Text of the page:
I've also longed for a place before ever going there (Iceland). When I finally had the chance to visit, it was every bit as magical and wondrous as I had hoped. I am so grateful! I desperately hope to go back someday.

It's not clear to me whether you've already visited or whether you want to visit, but your feelings are not at all strange.
posted by aquamvidam at 5:12 PM on February 15 [6 favorites]

I have this exact attraction for Alaska. I've lived in liberal American coastal cities my whole life, but for decades I've wanted to visit (the fact that I haven't is on me) and I fantasize about making it my home. (Probably in Anchorage, since almost 40% of the people in Alaska live in Anchorage.) As far back as when I was on the verge of graduating college and had every option open to me, I was telling my friends I would move to Alaska and split my time between being a graphic designer and a bush pilot.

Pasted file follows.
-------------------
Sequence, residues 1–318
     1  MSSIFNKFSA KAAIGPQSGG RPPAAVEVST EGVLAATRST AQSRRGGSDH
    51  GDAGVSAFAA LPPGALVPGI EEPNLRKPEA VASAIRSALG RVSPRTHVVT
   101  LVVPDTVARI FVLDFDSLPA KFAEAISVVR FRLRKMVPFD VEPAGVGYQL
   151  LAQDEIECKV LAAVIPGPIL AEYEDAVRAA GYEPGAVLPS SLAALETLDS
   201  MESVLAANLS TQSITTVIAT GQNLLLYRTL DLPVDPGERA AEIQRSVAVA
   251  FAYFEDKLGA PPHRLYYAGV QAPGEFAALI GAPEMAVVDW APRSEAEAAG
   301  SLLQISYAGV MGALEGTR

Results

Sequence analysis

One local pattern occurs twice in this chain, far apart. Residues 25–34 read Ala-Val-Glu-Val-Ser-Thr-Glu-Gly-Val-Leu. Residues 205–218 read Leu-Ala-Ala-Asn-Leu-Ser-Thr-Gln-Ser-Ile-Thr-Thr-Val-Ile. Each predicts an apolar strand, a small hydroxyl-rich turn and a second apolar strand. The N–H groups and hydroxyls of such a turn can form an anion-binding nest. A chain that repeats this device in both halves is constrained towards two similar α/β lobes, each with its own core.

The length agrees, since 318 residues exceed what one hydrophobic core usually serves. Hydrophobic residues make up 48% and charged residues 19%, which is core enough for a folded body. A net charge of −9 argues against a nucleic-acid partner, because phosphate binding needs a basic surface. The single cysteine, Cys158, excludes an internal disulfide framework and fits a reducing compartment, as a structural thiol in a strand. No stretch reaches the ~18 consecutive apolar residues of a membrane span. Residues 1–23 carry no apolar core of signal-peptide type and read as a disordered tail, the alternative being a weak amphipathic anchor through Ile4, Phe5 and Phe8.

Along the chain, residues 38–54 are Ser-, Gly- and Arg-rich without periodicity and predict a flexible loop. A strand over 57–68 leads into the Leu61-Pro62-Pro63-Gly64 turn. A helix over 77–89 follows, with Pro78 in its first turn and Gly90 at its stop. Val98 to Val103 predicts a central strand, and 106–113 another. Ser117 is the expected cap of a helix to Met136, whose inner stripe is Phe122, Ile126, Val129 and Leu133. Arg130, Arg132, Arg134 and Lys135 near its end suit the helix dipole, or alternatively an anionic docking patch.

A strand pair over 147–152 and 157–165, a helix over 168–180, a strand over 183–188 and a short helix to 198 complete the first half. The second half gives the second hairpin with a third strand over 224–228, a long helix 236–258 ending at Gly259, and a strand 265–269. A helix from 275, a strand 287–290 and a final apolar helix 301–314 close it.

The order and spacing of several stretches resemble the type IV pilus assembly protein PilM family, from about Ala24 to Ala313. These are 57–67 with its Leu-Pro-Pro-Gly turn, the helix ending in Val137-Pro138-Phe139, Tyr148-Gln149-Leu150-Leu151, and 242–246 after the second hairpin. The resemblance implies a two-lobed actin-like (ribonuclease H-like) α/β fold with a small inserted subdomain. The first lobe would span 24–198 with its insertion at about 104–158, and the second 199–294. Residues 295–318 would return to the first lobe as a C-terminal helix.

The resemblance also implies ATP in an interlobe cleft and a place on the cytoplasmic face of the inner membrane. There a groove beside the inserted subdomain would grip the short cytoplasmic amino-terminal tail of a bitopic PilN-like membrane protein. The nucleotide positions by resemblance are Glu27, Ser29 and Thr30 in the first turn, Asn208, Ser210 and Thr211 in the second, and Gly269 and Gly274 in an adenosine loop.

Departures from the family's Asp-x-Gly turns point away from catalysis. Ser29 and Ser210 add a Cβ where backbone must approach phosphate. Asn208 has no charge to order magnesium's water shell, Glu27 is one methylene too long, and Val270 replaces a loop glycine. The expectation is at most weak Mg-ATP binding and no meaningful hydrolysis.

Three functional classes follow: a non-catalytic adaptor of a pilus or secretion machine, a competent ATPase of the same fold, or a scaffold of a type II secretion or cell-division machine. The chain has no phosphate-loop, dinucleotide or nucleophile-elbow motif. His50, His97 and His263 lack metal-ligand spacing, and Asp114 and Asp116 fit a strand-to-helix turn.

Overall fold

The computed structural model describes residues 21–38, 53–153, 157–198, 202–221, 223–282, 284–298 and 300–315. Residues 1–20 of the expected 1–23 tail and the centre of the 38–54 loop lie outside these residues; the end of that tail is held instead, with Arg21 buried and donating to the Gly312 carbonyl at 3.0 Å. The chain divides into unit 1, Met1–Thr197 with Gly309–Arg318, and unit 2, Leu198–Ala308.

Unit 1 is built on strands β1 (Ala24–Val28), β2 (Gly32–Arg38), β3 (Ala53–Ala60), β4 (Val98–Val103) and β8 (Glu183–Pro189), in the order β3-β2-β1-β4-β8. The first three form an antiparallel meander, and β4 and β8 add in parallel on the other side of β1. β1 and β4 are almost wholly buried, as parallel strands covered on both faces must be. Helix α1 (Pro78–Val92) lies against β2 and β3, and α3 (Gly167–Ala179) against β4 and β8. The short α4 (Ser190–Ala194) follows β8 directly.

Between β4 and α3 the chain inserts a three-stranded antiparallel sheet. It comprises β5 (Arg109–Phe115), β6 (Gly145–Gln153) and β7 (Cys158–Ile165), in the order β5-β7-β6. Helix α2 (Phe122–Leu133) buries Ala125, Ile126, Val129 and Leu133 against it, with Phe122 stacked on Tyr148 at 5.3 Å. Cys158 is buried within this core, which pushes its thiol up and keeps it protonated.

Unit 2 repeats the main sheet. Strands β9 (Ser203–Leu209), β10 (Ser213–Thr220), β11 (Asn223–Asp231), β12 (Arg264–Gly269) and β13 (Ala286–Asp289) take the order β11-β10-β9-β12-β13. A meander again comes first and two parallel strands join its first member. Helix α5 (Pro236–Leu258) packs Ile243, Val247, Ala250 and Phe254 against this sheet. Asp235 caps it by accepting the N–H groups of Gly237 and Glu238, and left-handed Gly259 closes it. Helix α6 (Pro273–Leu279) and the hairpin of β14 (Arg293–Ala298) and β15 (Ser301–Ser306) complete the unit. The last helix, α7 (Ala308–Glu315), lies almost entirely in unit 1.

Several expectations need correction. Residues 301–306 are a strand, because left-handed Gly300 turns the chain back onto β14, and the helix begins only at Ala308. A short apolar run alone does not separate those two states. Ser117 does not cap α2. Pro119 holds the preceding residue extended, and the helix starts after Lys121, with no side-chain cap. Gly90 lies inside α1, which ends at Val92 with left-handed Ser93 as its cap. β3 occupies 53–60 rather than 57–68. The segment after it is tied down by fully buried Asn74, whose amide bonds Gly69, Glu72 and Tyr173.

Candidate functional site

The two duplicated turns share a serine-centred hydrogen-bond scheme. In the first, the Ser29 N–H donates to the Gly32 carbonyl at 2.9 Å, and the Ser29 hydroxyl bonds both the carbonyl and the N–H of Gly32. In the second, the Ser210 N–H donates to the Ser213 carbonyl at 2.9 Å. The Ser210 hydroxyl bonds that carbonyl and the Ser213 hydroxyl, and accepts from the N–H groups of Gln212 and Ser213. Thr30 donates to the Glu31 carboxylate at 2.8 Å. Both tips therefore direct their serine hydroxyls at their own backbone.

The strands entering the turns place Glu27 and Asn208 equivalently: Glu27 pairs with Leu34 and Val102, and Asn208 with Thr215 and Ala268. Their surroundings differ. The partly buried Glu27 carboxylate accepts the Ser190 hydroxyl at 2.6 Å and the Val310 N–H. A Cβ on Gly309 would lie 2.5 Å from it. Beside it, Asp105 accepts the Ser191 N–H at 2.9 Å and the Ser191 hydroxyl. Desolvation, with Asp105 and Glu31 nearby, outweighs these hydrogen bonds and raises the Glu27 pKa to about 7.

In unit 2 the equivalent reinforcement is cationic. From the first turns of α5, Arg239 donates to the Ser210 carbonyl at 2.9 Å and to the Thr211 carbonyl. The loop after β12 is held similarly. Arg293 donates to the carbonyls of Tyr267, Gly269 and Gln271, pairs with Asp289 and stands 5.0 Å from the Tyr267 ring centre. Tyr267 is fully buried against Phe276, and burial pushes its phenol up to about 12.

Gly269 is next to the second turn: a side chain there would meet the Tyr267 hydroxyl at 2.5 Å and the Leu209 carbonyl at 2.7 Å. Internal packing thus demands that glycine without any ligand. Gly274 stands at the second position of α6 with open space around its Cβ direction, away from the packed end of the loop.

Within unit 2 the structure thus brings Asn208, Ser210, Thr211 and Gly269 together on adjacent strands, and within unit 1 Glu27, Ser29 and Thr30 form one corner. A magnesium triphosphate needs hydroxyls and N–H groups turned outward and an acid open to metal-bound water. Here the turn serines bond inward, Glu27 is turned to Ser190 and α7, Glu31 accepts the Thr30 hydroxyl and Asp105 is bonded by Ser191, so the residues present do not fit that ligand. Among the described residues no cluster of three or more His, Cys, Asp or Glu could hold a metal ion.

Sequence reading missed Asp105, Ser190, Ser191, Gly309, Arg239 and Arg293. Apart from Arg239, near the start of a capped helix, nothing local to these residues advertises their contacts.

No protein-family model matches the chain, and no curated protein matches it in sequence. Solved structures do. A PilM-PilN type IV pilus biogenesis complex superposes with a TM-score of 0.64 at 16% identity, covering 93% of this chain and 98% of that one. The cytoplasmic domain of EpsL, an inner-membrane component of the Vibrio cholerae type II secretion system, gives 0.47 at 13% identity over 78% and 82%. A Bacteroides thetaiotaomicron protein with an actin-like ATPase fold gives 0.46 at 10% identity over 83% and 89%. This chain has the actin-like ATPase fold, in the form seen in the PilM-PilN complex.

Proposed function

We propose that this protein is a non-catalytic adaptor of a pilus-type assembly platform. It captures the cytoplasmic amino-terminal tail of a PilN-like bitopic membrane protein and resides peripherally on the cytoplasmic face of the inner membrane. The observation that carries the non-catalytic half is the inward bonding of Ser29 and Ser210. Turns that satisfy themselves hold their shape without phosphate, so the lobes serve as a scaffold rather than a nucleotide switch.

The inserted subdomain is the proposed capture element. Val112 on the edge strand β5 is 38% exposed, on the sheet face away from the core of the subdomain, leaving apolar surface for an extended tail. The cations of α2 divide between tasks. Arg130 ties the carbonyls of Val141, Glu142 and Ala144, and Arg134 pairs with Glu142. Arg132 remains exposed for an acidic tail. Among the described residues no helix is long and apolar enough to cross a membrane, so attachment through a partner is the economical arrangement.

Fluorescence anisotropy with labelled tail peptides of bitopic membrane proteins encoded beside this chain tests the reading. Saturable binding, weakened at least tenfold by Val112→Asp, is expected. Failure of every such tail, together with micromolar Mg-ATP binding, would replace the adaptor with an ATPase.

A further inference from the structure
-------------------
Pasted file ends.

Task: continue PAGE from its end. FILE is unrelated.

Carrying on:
I'm not at all sure why. I know a lot of it is the "simple life/back to the land" bushwa city people tell ourselves, as if one day of chopping firewood in zero degree weather wouldn't make us all run screaming back to our tiny apartments with ten streaming services and a hundred food delivery options. But having lived exclusively in cities or city-adjacent suburbs, the idea of living in a place where nature has not yet been entirely subjugated is enticing. I would love to be able to look out my window and see woods and a moose or a bald eagle or the tallest fucking mountain in North America.